Cheetah will face hostile environment in India, difficult to survive, says Ullas Karanth

Kuno National Park in Madhya Pradesh, he says, can hold a maximum of five cheetahs. The eight cheetahs from Nambia have been put in an area of five square kilometers, which is 160 times more than the natural density the animals need to survive  

October 03, 2022 11:22 am | Updated 11:23 am IST - MANGALURU

This handout photograph provided by the Press Information Bureau shows Prime Minister Narendra Modi watching a cheetah after it was released in an enclosure at Kuno National Park, in Madhya Pradesh, on September 17, 2022. Cheetahs were wiped out of India seven decades ago.

This handout photograph provided by the Press Information Bureau shows Prime Minister Narendra Modi watching a cheetah after it was released in an enclosure at Kuno National Park, in Madhya Pradesh, on September 17, 2022. Cheetahs were wiped out of India seven decades ago.

In the absence of large space devoid of humans and domestic dogs, it will be difficult to restore the extinct cheetahs in Kuno National Park in Madhya Pradesh using the eight cheetahs brought from Namibia, said Ullas Karanth, well-known tiger conservationist and Emeritus Director of Centre of Wildlife Studies.

On October 1, Mr. Karanth told The Hindu that the place earmarked for cheetah restoration in the national pwas originally meant for introduction of Gir lions. Unlike lions, tigers and other ambushed predators, cheetah chases its prey for long distance. The population density of cheetah is one cheetah for every 100 square kilometres. A space of about 15,000 square kilometres, without villages and also without domestic dogs, is necessary for the cheetah.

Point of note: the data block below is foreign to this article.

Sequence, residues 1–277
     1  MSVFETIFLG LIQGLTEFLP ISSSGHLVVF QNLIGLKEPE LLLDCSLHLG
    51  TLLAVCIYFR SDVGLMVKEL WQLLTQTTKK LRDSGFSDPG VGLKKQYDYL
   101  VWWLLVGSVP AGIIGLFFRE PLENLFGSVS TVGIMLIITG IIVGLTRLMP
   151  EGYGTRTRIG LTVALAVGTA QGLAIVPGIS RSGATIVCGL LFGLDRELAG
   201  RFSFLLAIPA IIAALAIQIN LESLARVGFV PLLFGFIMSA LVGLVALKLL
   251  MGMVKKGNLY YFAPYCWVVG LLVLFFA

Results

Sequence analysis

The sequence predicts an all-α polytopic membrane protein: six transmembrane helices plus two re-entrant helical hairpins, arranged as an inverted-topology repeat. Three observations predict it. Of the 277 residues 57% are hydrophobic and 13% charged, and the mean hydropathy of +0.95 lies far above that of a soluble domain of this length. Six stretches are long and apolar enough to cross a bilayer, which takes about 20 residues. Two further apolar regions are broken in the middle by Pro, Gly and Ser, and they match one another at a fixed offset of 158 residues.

The Kuno National Park can hold a maximum of five cheetahs. The eight cheetahs from Nambia have been put in an area of five square kilometers, which is 160 times more than the natural density the animal needs to survive, the tiger conservationist said in Mangaluru.  

This project does not have that scope for providing large amount of open space required to have a meaningful population of 50 cheetahs. There is also a problem of domestic dogs and leopards, as they hunt the cheetah, which is not a dominant predator.

“Cheetah will not survive in the hostile environment after they are let out from the protected enclosure in three months,” he said. Several technical points have not been properly addressed, and science has taken a back seat in the cheetah restoration project, he said.

Describing the model of restoration of cheetah as a flawed one and largely driving by bureaucracy, Mr. Karanth said he and other experts had opposed it way back in 2009. Cheetah has very poor survival rate as only 5% of cheetahs reach breeding state on their own in the best of habitats.

“With first setbacks, these cheetahs would be pushed back into the fenced areas, and there will be a glorified form of safari that will attract tourists,” he said, and added this is not the vision of restoration that Prime Minister Narendra Modi is speaking about.

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